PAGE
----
mortify

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mortify

(môr′tə-fī′)
v. morti·fied, morti·fying, morti·fies
v.tr.
To cause to experience shame, humiliation, or wounded pride.
v.intr.
To undergo mortification; become gangrenous.
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References in periodicals archive ?
And another Kureishi hallmark: The story can be pretty funny, often when it's at its most mortifying, such as during May's test date with a more age-appropriate gentleman.
At the risk of mortifying your partner, I'd love to hear which song glues you together and why.
Besides Eddie, these include: Jimmy James (Sean Patrick Thomas), a know-it-all college boy who's wrong about a lot of things; Teri Jones (Eve), the lone female haircutter who can more than hold her own with the guys behind the chairs but gets all weak and stupid around her no-good lover; Dinka (Leonard Earl Howze), a cheerful African immigrant who's all weak and stupid for Teri but convinced he's not in her league; Ricky Nash (Michael Ealy), a troubled ex-con whose determination to stay on the straight-and-narrow is sorely tested as the day wears on; and Isaac Rosenberg (Troy Garity), the white guy whose mortifying lack of willing clients does nothing to dent his selmage as the blackest brotha in the shop.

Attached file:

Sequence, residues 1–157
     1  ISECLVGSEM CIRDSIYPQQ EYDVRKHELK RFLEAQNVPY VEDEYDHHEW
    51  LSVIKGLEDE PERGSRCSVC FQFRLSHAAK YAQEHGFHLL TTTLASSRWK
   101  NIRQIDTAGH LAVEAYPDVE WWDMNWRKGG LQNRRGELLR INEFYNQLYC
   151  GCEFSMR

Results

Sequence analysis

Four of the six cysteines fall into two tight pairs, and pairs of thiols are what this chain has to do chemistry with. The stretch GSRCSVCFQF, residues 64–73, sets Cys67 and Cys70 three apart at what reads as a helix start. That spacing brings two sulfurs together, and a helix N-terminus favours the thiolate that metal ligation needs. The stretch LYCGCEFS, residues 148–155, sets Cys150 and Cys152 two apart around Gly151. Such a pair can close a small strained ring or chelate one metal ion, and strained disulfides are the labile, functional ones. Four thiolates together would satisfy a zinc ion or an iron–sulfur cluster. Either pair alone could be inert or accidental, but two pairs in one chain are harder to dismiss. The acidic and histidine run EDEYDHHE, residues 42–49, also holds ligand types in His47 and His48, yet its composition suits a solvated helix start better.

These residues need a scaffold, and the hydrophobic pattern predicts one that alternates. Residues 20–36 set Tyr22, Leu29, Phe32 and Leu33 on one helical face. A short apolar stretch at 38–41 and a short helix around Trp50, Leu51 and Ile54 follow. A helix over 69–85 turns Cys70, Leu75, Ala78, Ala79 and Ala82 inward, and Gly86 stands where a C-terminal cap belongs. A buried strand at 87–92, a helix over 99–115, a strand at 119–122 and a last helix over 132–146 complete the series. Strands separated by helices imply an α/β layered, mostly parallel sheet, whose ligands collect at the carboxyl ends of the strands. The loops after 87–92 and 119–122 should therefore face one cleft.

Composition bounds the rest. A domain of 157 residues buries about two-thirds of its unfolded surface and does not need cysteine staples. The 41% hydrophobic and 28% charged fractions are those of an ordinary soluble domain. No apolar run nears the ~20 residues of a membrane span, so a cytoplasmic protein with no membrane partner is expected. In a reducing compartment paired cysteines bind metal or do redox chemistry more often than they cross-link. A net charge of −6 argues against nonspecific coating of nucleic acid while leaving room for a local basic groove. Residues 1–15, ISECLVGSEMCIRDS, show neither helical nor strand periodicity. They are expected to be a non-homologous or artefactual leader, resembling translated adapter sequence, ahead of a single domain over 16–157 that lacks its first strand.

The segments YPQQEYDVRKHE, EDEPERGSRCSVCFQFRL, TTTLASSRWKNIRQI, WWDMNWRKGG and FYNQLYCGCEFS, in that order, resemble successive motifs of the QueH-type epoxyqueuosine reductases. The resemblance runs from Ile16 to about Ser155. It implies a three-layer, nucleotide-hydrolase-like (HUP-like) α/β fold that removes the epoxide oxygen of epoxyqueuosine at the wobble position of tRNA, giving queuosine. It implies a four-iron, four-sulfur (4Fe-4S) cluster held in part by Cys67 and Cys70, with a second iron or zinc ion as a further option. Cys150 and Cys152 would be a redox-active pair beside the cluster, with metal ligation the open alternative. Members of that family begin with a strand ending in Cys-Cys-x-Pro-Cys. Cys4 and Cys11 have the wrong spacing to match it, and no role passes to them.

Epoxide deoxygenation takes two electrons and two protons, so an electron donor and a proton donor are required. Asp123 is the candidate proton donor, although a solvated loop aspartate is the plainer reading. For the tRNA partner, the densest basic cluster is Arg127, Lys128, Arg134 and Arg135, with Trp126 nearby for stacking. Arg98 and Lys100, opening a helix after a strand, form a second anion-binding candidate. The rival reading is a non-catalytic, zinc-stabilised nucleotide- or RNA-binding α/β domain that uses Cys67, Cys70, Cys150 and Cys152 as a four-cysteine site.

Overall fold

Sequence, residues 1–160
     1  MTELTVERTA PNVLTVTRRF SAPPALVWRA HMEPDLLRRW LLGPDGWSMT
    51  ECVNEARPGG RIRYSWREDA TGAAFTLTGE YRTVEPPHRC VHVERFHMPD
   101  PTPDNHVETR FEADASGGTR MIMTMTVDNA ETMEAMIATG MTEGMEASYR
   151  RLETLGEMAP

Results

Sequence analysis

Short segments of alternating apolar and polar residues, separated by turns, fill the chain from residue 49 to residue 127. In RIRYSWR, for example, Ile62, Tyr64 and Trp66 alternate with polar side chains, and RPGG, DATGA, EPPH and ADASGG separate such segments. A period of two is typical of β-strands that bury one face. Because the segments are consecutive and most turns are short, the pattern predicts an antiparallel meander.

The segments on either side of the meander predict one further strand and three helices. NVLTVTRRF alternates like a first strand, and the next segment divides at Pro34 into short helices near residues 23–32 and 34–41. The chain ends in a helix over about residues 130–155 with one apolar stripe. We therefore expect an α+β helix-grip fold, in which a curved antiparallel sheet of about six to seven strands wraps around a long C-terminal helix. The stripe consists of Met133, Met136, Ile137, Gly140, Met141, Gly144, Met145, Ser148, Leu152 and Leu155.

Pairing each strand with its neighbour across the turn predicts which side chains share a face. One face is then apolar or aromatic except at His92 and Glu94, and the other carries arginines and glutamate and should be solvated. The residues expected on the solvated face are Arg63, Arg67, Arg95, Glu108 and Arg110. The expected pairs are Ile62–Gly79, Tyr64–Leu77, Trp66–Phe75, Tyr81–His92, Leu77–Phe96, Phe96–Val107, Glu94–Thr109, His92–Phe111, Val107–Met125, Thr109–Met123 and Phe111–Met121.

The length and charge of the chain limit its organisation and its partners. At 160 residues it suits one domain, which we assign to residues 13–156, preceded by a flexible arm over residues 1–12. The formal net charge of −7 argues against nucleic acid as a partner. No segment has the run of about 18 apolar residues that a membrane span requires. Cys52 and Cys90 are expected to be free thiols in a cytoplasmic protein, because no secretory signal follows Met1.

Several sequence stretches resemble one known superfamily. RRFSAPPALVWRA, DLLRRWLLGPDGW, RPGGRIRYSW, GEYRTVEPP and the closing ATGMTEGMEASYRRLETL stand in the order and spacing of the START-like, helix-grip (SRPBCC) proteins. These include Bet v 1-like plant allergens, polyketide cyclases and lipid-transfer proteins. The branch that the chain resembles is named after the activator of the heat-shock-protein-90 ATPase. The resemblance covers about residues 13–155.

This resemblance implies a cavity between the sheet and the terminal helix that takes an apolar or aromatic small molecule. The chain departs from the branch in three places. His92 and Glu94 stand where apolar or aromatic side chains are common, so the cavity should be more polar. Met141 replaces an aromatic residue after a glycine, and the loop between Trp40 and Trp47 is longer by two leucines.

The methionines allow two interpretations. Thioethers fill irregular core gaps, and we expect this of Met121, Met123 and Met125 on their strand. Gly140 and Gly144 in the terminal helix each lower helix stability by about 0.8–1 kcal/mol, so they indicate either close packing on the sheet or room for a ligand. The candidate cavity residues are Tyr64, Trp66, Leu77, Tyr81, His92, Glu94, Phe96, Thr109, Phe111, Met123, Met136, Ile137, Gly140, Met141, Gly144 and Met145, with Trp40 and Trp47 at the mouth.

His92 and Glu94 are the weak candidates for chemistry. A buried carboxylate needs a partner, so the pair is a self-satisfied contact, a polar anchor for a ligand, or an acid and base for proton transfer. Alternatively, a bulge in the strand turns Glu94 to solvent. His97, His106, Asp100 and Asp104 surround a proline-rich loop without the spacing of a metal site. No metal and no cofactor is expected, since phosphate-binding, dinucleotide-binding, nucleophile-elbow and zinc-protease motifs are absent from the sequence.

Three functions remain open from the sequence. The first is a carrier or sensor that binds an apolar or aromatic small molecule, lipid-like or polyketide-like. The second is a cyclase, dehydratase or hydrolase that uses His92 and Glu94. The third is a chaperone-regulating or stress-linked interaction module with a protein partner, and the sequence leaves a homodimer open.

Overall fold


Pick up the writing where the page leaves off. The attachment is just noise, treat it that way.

IT'S mortifying when your hairdresser has the day off.
Mary Gallagher is hilarious as monumentally insecure Elizabeth, who glories in creating a world of angst around the mortifying incident of being seen picking her nose by her lover.
Snowbell is, in fact, traumatized at the thought of being ``pet cat to a mouse,'' and tries desperately to hide the mortifying fact from his friends.
Lucille Ball's comic knack for getting herself into mortifying situations is more than a memory in Burbank this weekend.